New York Asian 2021 Review: TIME Is On The Audience's Side

Ricky Ko's new film provides no new messages about wasted lives, but the lead actors are great and good jokes liven up the drama.

Editor, Europe; Rotterdam, The Netherlands (@ardvark23)
New York Asian 2021 Review: TIME Is On The Audience's Side
When Ricky Ko's Hong Kong comedy drama Time played at the International Film Festival Rotterdam earlier this year, it nearly won the audience prize. It's a testament to how easy the film is on the eyes, though its charms never run particularly deep, nor are any of its messages particularly subtle or eye-opening.

We follow the aging hitman Chau. A team with his partners Chung and Mrs. Fung, they were a trio to be feared and reckoned with, removing obstacles for the Hong Kong underworld for many a decade. These days though, the jobs are mostly assisted suicides of the sick and elderly, something which takes its toll on Chau's motivation. His tipping point arrives when the latest assist-needing suicidee turns out to be a lovesick teenager. Furious, Chau refuses the hit and when the teen is persistent, he reluctantly decides to teach her a few of life's lessons. But when his team-mates get involved, everyone has to take a few hard looks in the mirror, and see what they have done with their lives.

NYAFF2021Time.jpgWhat follows is mostly a schmaltzy comedy with plenty of melodramatic moments, and lots of musings about age and, indeed, time. What lifts the film a few notches above its trappings is the fantastic cast, especially when looking at the three elderly gangsters. Chau is played with depth and dexterity by super-veteran Yin "Patrick" Tse, who was 84 during filming (he turned 85 last week) and has 167, whoops, 168 credits logged on IMDB as an actor. For those who wonder where they've seen him before, he's probably most famous in the West as the coach of Team Evil in Shaolin Soccer. Mrs. Fung is played by veteran actress and singer Bo-bo "Petrina" Fung, yet the absolute show-stealer is, unsurprisingly, Lam Suet as driver Chung. If there is ever going to be an award for "best performance as an unhealthy-looking dirtbag who's a softy inside" it should be called a Lam Suet.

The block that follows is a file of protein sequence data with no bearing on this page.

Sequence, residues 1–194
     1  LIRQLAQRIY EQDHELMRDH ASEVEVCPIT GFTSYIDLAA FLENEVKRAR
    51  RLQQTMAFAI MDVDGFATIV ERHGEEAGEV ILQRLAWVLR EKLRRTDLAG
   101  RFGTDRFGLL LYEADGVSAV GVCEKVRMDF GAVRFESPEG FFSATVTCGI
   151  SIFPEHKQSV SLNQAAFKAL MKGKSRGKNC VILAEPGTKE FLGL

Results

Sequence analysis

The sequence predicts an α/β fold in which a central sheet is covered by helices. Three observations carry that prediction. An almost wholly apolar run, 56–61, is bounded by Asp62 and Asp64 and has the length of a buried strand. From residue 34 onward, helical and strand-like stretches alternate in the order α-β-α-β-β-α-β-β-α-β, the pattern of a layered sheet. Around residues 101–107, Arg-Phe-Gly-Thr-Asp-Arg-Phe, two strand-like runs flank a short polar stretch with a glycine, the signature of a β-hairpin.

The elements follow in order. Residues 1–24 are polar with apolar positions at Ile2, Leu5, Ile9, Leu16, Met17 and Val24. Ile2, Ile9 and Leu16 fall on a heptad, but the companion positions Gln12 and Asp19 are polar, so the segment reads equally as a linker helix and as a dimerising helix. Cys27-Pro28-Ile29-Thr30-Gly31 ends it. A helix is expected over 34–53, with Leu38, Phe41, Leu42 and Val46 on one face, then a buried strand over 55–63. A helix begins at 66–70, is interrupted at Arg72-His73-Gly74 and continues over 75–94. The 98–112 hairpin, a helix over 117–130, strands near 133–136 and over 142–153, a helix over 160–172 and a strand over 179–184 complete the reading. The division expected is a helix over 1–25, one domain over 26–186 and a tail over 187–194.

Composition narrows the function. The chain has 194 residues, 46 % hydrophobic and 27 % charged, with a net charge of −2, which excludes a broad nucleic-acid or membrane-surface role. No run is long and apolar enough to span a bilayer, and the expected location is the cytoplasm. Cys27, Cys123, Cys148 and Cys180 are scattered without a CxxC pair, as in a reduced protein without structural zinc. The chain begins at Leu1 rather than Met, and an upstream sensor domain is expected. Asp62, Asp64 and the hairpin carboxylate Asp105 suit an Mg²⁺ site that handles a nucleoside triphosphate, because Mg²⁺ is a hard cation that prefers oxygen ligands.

For the most part, Time plays it straight, even granting the ageing criminals if not respectability, then at least some romantic nobility for their talents and strict rules. As such it stands apart from, say, Takeshi Kitano's Ryuzo and the Seven Henchmen, which cynically vomits on any notion of nobility for gangsters, old or young (see my review here). When compared, Ricky Ko's film comes across as naive. But Time is also an easy crowdpleaser, as its Rotterdam audience score of 4.4 out of 5 proves. It is a film which plays as sympathetic towards its leads and the audience, and it has one of Lam Suet's best recent performances in it. And sometimes, that's enough.

Time is touring festivals worldwide, including the New York Asian Film Festival, ongoing till the 22nd of August.

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